Crop and Weather Report for Aug. 15
Widely scattered rain across the State resulted in 5.8 days suitable for fieldwork during the week ending August 14, 2022, according to the USDA, National Agricultural Statistics Service. Dry conditions continued to stress crops and pastures. Fieldwork included harvesting corn for silage and cutting hay.
Topsoil moisture condition rated 24 percent very short, 29 percent short, 44 percent adequate and 3 percent surplus. The shortage of moisture was evident with over half of the topsoil considered short to very short in the Northwest, West Central, Central, Southwest, South Central and Southeast Districts. Subsoil moisture condition rated 23 percent very short, 32 percent short, 43 percent adequate and 2 percent surplus.
Corn silking or beyond was 96 percent, 6 days behind last year and 5 days behind the 5-year average. Seventy-two percent of the corn crop has reached the dough stage or beyond, 3 days behind last year but 1 day ahead of the average. Fifteen percent of Iowa’s corn crop has reached the dent stage, 4 days behind last year and 1 day behind the 5-year average. Corn condition dropped to 66 percent good to excellent, 7 percentage points below the previous week. Ninety-four percent of soybeans were blooming, 12 days behind last year and 3 days behind average. Eighty percent of the soybean crop was setting pods, 8 days behind last year and 2 days behind the 5-year average. Soybeans began coloring at 1 percent, equal to last year and the 5-year average. Iowa’s soybean condition fell to 63 percent good to excellent, 8 percentage points lower than the previous week. Oats harvested for grain reached 86 percent, 6 days behind both last year and the average.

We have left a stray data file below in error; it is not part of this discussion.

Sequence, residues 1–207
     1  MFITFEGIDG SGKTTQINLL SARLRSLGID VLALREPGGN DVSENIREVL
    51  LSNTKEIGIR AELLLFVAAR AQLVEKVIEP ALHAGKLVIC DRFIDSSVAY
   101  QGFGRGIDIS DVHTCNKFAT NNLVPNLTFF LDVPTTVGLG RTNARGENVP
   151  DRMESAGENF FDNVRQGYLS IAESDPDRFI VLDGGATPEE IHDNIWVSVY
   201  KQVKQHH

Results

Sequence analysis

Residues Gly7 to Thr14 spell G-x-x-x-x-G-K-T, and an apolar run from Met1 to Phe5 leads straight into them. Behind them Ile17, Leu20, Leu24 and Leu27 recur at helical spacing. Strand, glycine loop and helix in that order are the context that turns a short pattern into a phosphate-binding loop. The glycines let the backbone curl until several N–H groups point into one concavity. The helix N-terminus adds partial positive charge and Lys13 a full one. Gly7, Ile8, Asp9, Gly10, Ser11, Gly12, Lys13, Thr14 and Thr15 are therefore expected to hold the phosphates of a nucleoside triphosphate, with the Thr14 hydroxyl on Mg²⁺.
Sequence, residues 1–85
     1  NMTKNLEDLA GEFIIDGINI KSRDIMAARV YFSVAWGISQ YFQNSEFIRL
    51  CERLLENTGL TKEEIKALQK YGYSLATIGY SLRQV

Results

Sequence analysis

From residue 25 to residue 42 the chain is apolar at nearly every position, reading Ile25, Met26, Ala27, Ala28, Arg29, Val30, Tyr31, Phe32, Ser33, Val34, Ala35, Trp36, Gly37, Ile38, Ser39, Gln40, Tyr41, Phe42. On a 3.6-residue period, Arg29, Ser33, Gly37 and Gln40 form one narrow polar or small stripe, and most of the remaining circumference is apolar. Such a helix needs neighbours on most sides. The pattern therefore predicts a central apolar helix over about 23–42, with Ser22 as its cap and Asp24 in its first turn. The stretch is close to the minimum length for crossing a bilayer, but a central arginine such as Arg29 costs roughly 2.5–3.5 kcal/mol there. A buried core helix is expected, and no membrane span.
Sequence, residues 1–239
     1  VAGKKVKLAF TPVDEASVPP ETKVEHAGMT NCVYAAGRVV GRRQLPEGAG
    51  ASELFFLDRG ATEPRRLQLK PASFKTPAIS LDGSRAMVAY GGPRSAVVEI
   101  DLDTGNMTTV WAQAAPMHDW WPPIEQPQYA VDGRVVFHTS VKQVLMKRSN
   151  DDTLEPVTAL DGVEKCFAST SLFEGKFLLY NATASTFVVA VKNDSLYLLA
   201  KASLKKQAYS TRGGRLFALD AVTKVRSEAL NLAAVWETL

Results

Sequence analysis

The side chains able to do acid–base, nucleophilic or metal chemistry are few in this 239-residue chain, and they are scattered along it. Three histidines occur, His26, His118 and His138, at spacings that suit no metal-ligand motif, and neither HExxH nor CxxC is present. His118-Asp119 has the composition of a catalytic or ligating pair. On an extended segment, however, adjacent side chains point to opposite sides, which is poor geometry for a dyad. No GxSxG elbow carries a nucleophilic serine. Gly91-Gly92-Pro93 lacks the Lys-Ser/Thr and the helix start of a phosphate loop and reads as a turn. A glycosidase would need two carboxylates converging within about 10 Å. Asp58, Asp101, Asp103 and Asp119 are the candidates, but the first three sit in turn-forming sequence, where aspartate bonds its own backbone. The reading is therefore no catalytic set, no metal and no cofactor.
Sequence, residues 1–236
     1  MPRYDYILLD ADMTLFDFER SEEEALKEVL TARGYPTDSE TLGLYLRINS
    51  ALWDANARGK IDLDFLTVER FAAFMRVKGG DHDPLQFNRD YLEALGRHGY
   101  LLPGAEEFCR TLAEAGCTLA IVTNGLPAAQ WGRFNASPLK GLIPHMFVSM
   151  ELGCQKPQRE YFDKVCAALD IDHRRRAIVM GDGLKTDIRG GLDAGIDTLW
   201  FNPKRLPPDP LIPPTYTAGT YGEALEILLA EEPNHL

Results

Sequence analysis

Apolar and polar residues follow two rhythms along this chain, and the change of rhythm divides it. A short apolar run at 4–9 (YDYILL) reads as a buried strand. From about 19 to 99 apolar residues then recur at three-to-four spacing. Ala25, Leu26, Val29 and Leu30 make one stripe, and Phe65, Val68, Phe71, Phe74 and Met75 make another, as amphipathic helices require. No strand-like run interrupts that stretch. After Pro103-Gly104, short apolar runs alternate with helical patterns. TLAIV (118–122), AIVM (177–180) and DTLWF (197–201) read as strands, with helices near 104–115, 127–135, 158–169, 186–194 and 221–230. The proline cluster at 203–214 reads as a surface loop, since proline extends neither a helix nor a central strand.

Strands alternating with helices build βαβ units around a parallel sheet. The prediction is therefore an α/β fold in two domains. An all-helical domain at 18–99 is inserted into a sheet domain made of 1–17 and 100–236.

Ninety-seven percent of the State’s second cutting of alfalfa hay was complete, with the third cutting at 40 percent. All hay condition declined to 46 percent good to excellent. Pasture condition rated just 32 percent good to excellent. Some producers are feeding hay and hauling water to livestock.
Reports from the Iowa Department of Agriculture and Land Stewardship and maps from the Midwestern Regional Climate Center reflect data collected from 7:00 A.M. Central Time on August 8, 2022, through 7:00 A.M. Central Time on August 14, 2022.
The Iowa State Fair opened towards the tail end of the reporting period with unseasonably dry conditions across much of Iowa; northeastern stations reported above-average rainfall while deficits approaching an inch were observed over the rest of the state. Temperatures were below normal in eastern Iowa where cloud cover and rainfall persisted over multiple days. Southwestern Iowa was up to four degrees warmer than normal with a statewide average temperature of 71.9 degrees, 0.1 degree above normal.